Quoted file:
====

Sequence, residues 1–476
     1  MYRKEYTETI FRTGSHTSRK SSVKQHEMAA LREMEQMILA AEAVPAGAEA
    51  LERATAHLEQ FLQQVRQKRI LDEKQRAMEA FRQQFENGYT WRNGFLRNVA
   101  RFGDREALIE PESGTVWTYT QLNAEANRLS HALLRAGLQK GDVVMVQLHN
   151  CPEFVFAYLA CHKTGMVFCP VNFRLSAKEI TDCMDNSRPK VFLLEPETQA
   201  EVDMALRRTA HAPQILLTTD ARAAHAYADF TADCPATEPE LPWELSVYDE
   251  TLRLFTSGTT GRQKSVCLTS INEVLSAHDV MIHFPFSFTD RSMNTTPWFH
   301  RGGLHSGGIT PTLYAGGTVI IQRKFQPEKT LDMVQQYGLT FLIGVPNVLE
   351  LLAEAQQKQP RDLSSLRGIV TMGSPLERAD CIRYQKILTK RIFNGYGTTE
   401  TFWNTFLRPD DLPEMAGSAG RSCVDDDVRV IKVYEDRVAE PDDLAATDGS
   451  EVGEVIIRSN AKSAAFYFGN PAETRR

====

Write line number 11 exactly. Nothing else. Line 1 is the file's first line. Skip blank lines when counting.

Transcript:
   451  EVGEVIIRSN AKSAAFYFGN PAETRR